I still have some loose ends to tie-up to officially receive the degree, but it's an incredible feeling to get past that final hump.

However, I may have more communications with you, because this field of computational molecular biology/bioinformatics (or however one wants to denote it) is just fascinating. I enjoy the fact that it draws from all of the branches of science, includes programming and even high-level math, if one chooses. It can be as challenging as one wants!

As an aside, have you ever modeled an uncompetitive inhibitor, without an experimentally derived structure? I performed some kinetic assays with a number of scaffold inhibitors for one of he enzymes I have been working with, and it came back with data that hinted it as being uncompetitive. So, it may bind with the substrate, in the binding pocket. However, I have no idea of the mode, and have no crystal structure data.
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Re: Question for presentation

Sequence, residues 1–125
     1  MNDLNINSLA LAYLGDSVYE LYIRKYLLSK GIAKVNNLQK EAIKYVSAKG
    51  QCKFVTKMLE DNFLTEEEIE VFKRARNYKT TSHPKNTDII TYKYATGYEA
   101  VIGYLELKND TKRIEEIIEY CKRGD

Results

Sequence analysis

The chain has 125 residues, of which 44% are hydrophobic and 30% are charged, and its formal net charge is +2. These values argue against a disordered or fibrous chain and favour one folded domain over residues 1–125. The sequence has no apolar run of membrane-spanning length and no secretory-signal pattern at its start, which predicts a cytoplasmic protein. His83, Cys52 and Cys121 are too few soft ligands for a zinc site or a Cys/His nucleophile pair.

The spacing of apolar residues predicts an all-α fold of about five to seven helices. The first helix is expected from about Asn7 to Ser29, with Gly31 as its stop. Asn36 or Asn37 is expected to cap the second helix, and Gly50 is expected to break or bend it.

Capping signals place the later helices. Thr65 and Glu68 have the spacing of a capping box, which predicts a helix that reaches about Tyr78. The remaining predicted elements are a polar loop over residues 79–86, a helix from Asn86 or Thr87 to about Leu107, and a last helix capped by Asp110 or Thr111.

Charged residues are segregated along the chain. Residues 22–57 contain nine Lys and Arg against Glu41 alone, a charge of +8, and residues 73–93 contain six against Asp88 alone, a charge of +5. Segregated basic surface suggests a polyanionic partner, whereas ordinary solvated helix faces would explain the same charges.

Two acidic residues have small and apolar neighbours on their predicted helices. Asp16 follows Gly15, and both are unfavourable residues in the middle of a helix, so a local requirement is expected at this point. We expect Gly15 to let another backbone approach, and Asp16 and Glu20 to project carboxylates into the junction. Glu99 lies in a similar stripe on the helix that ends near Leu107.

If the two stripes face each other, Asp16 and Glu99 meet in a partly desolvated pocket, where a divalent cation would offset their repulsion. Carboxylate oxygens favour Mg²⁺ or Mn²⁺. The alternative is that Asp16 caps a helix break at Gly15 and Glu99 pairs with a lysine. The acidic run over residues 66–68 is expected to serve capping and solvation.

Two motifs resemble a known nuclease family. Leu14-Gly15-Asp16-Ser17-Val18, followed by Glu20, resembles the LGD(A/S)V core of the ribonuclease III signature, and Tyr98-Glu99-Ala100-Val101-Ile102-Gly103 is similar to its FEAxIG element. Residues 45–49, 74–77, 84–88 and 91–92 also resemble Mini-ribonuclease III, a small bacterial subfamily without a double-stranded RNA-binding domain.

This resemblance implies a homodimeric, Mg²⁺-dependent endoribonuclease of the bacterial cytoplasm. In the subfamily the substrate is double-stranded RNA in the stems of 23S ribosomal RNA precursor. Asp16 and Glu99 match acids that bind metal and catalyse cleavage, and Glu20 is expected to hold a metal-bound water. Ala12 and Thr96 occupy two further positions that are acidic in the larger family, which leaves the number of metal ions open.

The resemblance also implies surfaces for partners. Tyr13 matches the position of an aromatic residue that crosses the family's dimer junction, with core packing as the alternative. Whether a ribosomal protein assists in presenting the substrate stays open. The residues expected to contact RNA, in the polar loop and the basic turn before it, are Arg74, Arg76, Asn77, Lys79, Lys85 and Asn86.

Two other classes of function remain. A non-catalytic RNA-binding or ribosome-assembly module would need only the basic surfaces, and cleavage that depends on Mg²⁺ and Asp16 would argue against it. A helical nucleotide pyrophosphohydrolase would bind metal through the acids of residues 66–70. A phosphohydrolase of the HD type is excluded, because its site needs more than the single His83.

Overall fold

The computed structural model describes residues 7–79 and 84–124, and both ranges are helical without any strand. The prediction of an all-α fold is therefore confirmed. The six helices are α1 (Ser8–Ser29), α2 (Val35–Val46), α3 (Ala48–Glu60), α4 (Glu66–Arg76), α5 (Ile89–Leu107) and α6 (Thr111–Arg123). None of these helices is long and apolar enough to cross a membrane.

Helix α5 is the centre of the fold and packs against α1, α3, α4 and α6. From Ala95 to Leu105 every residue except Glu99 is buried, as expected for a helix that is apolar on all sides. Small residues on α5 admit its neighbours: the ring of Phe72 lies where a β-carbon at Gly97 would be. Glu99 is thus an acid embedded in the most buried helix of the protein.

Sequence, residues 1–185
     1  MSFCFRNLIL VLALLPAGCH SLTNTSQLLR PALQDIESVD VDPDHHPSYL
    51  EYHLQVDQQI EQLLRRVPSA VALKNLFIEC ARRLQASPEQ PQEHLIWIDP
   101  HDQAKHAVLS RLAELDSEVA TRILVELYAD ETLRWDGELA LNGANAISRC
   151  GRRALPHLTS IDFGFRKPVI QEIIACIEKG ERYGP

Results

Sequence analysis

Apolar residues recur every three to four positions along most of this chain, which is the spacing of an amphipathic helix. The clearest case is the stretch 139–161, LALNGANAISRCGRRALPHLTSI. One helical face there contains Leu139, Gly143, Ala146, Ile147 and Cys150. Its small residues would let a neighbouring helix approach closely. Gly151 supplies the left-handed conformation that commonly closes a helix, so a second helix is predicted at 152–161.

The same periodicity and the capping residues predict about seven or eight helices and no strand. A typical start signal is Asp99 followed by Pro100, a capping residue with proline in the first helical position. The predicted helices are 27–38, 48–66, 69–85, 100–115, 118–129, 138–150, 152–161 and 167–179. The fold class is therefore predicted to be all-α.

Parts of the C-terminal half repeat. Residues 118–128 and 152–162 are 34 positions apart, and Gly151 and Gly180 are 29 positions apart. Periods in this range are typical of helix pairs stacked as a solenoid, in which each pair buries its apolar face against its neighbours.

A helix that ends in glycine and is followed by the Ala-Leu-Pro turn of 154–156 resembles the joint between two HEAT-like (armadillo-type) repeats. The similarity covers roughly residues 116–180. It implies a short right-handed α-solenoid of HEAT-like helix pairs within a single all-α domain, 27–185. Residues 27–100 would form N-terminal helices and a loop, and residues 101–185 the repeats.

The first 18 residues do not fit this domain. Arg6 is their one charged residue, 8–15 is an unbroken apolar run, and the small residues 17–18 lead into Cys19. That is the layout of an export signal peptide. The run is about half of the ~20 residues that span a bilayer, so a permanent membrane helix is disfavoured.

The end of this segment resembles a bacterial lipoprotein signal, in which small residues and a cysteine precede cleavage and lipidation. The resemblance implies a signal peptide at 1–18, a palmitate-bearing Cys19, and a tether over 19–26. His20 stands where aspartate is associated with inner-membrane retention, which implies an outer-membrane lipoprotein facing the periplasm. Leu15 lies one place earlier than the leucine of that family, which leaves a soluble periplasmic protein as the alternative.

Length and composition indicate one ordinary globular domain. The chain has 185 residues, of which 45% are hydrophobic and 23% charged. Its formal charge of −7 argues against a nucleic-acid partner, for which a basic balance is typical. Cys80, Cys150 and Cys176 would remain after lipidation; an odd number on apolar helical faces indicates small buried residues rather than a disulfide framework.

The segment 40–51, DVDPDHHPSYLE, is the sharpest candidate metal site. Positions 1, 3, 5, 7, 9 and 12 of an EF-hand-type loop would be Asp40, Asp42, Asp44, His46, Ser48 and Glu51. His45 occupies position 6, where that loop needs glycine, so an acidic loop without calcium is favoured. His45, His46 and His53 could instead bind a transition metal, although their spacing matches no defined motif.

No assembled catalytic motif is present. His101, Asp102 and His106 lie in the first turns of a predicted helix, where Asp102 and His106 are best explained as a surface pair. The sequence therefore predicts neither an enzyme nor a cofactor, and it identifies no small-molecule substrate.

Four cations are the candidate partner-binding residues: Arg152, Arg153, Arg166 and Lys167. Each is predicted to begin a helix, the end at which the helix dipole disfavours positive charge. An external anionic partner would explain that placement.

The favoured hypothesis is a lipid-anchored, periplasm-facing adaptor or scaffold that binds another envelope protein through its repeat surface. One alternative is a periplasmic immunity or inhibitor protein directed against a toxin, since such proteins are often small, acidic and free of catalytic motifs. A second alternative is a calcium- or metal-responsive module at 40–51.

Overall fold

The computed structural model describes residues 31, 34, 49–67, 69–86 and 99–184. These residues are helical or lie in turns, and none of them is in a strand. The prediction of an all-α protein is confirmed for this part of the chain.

Postby sargis » Sun Apr 27, 2014 2:07 am

Congrats, that's a great news! Glad to hear you have successfully defended your thesis and thank you for using PyRx. Thank you also for the outline of PyRx functionality and the credits.

I'll be happy to have more communications with you. Computational molecular biology/bioinformatics is indeed fascinating. I remember reading A farewell to bioinformatics, which has generated interesting discussions here and there. Nevertheless, the number and quality of various computational methods in molecular biology is only going to increase and this is great time to be in this field. There is good and bad in any job. Computational biology is one of the few areas where one can combine love for biology and computers together and there is always something new and interesting to learn.

Regarding modeling an uncompetitive inhibitor, without an experimentally derived structure, I haven't done any work in this area. I have tried shape-based alignment of molecules, but haven't made any progress there. I would be interested to hear what are some of the open-source tools that would be useful to integrate or implement in PyRx.

Again, thank you for using PyRx and congrats on your successful thesis defense!